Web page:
Learning difficult lesions

MRI is useful for understanding central nervous system disease.

A series of images showing the development of new lesions between baseline and follow-up MRIs in MS patients.

Radiological Society of North America

Using ultra-high-field magnetic resonance imaging (MRI) to track the emergence of scars in the cortical grey matter of the brain is a powerful way to predict the progress of multiple sclerosis (MS), research has revealed.

Scientists led by Caterina Mainero from Massachusetts General Hospital in Boston, US, tracked MS patients using a 7-Tesla (T) MRI scanner – a powerful device with more than double the grunt of the more commonly available machines.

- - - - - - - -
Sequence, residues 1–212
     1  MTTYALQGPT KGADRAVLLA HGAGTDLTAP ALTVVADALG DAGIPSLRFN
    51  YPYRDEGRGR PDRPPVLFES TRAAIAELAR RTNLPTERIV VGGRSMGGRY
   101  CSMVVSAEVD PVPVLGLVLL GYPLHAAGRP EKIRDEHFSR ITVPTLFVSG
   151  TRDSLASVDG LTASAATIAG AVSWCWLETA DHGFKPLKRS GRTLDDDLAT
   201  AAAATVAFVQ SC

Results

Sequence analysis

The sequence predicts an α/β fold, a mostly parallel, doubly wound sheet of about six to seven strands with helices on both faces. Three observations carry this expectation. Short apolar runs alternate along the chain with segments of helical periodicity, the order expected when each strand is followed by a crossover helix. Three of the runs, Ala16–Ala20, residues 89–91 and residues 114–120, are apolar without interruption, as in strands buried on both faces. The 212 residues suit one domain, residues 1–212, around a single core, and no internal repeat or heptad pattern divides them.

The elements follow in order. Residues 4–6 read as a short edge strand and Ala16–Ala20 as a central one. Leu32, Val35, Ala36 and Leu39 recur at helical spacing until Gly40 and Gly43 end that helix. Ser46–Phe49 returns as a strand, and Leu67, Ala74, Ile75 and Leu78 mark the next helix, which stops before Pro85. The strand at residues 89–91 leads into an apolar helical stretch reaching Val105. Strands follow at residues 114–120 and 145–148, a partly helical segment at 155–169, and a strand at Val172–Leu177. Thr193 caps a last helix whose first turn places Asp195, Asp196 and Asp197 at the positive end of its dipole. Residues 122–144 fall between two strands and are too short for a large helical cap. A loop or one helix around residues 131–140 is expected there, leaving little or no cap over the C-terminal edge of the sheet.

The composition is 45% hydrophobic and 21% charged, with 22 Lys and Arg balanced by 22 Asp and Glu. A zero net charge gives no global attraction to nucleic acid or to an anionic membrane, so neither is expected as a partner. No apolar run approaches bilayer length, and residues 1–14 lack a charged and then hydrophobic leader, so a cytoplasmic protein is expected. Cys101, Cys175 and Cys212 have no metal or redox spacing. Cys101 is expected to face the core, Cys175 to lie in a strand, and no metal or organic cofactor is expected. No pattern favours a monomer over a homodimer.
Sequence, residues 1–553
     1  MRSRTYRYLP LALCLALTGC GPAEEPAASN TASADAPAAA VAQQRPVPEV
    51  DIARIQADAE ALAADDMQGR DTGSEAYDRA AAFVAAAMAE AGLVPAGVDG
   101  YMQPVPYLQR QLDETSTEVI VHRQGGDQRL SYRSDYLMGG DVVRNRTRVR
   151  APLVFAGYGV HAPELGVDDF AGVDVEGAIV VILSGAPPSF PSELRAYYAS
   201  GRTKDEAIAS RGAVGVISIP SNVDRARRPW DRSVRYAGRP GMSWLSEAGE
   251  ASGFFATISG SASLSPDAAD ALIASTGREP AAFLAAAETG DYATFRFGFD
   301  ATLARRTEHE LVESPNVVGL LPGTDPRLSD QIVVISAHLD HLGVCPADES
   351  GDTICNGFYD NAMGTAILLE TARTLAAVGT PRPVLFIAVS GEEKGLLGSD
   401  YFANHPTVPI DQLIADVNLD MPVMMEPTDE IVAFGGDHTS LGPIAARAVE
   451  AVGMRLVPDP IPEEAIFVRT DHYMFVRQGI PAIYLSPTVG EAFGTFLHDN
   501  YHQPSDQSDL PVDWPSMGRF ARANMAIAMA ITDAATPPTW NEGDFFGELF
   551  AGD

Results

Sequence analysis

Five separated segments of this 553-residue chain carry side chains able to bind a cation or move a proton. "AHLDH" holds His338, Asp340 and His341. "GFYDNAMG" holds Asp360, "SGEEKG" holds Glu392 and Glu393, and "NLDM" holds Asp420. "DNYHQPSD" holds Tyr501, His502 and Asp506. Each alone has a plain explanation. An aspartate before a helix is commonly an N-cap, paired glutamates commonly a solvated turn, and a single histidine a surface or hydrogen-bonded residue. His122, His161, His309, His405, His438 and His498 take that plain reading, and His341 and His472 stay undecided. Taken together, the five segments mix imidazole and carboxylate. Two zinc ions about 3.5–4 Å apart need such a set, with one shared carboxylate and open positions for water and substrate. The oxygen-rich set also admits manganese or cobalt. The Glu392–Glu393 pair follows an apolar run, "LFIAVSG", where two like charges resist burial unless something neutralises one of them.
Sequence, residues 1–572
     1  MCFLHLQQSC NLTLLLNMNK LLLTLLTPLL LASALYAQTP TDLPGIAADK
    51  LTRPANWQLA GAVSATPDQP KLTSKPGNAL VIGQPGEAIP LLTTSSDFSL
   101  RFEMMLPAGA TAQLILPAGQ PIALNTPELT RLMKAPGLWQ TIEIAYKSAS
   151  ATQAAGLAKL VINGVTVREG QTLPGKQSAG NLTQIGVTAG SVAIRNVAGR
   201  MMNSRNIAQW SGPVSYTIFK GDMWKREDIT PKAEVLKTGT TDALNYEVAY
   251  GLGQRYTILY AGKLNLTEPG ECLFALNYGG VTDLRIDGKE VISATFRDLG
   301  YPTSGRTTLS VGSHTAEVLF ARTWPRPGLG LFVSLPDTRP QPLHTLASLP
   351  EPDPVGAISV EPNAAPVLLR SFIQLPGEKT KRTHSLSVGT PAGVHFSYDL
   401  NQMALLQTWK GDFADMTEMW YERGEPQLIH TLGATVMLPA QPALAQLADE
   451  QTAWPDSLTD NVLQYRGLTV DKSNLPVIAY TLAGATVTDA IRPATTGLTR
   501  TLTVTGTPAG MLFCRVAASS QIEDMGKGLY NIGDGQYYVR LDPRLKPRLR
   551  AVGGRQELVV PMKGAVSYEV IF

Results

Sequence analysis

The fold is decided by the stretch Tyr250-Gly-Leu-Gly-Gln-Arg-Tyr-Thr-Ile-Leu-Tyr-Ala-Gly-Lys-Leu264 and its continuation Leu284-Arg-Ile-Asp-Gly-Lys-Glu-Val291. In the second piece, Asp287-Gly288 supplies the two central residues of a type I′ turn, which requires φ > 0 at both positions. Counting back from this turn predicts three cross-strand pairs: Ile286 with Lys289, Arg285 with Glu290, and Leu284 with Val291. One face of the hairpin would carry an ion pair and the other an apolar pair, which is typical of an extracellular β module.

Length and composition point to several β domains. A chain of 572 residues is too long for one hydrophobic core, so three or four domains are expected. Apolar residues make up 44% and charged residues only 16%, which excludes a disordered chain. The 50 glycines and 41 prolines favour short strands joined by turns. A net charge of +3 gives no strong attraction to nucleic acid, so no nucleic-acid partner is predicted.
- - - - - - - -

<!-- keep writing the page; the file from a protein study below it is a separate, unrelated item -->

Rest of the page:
MS is a disease of the immune system. Recent research showed that lesions in the gray matter of the outer layer of the brain develop before severe symptoms emerge. Monitoring their progress using non-invasive imaging, Mainero and colleagues realised, provided strong indications of how the disease would progress, allowing patients and clinicians to better decide treatment options.

The study is published in the journal Radiology.

  1. https://pubs.rsna.org/doi/10.1148/radiol.2019181719
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